As the students of VaTech head back to class, I thought I’d get back to blogging on other topics. Never thought I say this, but the events of the past week had me missing the trivial headlines, even the ones about Imus.
I have ZERO interest in talking about Don Imus and those three little words. No matter what I say, it’ll piss people off.
But the Imus case hits awfully close to my classroom, as it involves issues of ethics & social responsibility, with a dose of free speech. So since I couldn’t ignore it, I decided to delay my comments until no one cared anymore. Maybe I’ll give my students extra credit for reading the post and the rest of you will choose to ignore it.
How did a story about an over-the-hill shock jock hijack the MSM for a week or more? You tell me. While Imus’ comments about the Rutgers’ basketball team have no place in civil discussion, they don’t belong on the front page, either. But, you see, the 24/7 media beast has an insatiable appetite for the “easy” story, and this one was way too easy.
Here are the issues I’m talking about in class when the subject arises:
Free speech isn’t free. Imus finally learned that “free speech” isn’t an all-encompassing shield. Words have consequences, especially on the public airwaves where your successes is tied to the commercial sponsors.
Of course, neither his employers nor his sponsors dumped Imus for moral reasons. It was purely economic. Had they been truly outraged by his remarks, they’d have sacked him immediately. Instead, they let their sponsors make the decision amid a PR firestorm fueled by the 24/7 media beast.
Is it censorship? Imus has been silenced, so yeah, it is a form of censorship. And it worries me is that this case could inhibit social and political commentary — especially its satirical forms, though Imus was more about insult than satire.
On the positive side, maybe a few media loudmouths will choose their words more carefully from now on. But others may say nothing at all for fear of offending someone and ending up unemployed. Political comedy and satire in media will be under the microscope like never before. I can hear the editors and producers now: You’d better not say that! Remember Imus?
Crime and Punishment. Was justice served in the Imus case? I don’t think so. The guy screwed up, he apologized immediately, then he got fired. OK, it wasn’t his first offense, but outrageous statements from Imus are hardly unexpected. Those who tuned in knew the Imus schtick. And those who didn’t like it tuned out long ago.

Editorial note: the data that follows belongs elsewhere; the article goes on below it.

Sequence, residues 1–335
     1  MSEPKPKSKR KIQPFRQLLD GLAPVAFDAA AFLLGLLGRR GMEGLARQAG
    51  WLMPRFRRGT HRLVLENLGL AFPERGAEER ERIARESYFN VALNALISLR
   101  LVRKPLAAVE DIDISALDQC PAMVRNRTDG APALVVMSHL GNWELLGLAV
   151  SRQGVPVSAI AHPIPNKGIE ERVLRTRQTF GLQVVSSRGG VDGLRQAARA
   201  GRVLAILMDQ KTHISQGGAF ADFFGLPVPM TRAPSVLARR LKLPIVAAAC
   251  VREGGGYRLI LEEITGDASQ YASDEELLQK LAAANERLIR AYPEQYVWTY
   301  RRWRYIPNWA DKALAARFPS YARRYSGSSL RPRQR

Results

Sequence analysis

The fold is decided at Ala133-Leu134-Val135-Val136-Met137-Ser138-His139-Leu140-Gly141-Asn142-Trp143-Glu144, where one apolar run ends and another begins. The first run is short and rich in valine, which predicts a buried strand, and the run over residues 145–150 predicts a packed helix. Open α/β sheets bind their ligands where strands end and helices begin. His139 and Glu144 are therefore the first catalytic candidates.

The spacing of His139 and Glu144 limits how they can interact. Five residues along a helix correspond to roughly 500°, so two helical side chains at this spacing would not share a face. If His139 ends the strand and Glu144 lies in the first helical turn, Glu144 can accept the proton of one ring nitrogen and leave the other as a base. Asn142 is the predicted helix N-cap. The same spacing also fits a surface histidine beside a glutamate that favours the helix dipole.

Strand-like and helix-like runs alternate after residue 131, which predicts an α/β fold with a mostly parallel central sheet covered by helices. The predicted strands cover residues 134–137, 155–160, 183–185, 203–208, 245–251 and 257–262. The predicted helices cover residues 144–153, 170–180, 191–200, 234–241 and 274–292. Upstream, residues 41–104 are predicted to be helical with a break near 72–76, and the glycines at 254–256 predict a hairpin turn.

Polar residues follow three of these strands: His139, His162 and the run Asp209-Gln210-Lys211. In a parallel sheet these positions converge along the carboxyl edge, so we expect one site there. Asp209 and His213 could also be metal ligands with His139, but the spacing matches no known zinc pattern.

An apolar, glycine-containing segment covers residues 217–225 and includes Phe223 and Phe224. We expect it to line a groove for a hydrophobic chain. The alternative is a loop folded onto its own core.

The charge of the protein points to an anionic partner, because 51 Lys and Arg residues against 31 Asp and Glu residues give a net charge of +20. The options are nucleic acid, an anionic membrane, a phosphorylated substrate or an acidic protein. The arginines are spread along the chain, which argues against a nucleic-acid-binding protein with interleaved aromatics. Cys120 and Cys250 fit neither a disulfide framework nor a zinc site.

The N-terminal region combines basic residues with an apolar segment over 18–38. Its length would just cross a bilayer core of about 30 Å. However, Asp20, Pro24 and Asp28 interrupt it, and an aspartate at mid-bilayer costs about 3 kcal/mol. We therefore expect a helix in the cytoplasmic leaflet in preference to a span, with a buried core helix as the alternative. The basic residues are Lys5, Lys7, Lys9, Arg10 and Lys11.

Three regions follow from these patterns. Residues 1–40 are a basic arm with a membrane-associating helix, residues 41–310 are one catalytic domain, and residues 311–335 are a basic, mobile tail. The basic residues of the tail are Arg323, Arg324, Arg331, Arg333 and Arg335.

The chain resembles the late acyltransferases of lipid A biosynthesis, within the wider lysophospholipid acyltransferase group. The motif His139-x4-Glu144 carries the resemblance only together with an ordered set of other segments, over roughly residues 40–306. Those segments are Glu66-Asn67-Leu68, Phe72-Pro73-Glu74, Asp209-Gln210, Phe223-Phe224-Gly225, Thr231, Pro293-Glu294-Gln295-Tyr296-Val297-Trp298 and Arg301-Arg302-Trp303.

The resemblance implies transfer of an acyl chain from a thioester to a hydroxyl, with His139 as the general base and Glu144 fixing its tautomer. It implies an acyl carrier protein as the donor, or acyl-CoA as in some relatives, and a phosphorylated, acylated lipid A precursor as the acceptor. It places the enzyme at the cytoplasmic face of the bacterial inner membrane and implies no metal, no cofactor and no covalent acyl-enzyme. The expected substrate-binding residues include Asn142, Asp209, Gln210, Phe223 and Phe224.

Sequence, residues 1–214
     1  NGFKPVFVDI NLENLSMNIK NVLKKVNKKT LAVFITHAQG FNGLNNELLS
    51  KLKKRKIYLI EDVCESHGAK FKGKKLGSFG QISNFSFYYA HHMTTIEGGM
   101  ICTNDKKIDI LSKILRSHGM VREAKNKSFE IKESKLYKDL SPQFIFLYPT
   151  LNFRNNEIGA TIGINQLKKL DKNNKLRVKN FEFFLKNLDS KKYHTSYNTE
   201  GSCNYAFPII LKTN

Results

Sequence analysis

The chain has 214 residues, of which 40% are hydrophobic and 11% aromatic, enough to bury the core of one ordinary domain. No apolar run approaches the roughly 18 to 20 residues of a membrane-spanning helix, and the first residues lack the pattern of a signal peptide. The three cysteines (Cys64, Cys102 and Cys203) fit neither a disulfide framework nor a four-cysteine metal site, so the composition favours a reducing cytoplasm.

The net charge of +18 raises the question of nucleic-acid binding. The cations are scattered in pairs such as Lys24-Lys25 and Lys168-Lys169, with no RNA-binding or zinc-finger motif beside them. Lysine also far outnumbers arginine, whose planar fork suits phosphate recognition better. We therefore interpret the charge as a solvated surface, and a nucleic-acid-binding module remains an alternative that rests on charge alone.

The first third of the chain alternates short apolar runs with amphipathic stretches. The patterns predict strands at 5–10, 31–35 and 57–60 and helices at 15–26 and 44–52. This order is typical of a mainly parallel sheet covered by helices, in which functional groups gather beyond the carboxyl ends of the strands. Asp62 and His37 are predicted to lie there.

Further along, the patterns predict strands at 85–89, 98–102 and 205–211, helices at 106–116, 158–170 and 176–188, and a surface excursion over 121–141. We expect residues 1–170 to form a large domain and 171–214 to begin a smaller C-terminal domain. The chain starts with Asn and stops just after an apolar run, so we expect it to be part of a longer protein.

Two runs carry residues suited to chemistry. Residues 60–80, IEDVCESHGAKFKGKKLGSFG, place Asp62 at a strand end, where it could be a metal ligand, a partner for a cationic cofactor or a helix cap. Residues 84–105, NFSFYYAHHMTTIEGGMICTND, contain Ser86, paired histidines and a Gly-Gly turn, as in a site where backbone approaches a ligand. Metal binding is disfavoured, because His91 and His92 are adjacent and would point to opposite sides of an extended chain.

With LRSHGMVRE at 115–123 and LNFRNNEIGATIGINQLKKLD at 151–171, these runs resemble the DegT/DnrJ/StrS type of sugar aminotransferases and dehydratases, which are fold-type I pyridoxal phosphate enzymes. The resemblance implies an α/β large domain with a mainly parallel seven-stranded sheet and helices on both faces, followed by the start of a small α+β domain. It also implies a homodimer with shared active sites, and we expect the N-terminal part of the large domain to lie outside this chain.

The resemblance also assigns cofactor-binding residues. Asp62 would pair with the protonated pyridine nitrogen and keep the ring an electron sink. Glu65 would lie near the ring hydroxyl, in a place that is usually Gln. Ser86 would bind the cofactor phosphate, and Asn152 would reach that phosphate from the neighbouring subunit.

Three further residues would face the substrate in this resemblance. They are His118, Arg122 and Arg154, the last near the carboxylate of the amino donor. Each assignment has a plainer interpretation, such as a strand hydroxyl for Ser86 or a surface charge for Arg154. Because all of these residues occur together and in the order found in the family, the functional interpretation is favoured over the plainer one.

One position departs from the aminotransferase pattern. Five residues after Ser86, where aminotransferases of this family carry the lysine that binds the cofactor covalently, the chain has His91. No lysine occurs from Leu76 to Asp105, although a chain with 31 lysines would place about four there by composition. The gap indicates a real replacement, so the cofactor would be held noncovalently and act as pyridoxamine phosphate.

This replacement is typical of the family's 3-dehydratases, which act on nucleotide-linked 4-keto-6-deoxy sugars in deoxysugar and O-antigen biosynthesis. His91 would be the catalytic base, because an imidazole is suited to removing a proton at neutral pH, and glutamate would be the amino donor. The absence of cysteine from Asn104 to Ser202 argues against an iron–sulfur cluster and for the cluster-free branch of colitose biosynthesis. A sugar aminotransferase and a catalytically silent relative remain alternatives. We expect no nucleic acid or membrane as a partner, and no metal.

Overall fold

I’ll admit to enjoying the Imus program from time to time, so I’m a little sympathetic to his plight. But I wasn’t sure how to express my thinking until I read Kathleen Parker’s column. She stakes out a sensible position on the whole mess — an Aristotlean mean that we see too little of these days. And you know me. I’m a middle-of-the-road kinda guy.
Jeff Jarvis (Buzz Machine) thinks Imus is boring, and he celebrated his firing for that reason. But he also said this (the typos are his):
I was just passing a bank of monitors here at CUNY and heard the parade of cable blather on the topic. Tom DeLay was calling for Rosie O’Donnell to be fired because she has said things that have offended him. This is what I mean about the dangers of the piranha pool in the age of offense. Just because someone offends someone, that is not cause to fire them make them resign from a show or a campaign. It means you can disagree with them. In fact, today, you have more means to state that disagreement and be heard than ever before. But we can’t fire everyone somene wants fired; we’ll be left with no more stars and no more politicians. And as tempting as that may sounds, it’s no way to run the world.
I’m thankful that this overblown story has blown over. To celebrate, I had planned to link you to SNL’s brilliant skit featuring Jesse Jackson (Darrell Hammond) and Al Sharpton (Kenan Thompson) discussing the Imus affair (April 14). It was hysterical and irreverent, a but clearly more than NBC’s gunshy management could stand. It’s no longer posted on YouTube, I am assuming because someone at NBC objected.
Wait a sec. Isn’t this the same network that took Imus off the air? Hmmm. Well, at least they’re consistent.
But regardless of who removed the clip from YouTube, it seems my concerns over censorship aren’t so far flung. If you find the clip somewhere, lemme know. I’ll add the link.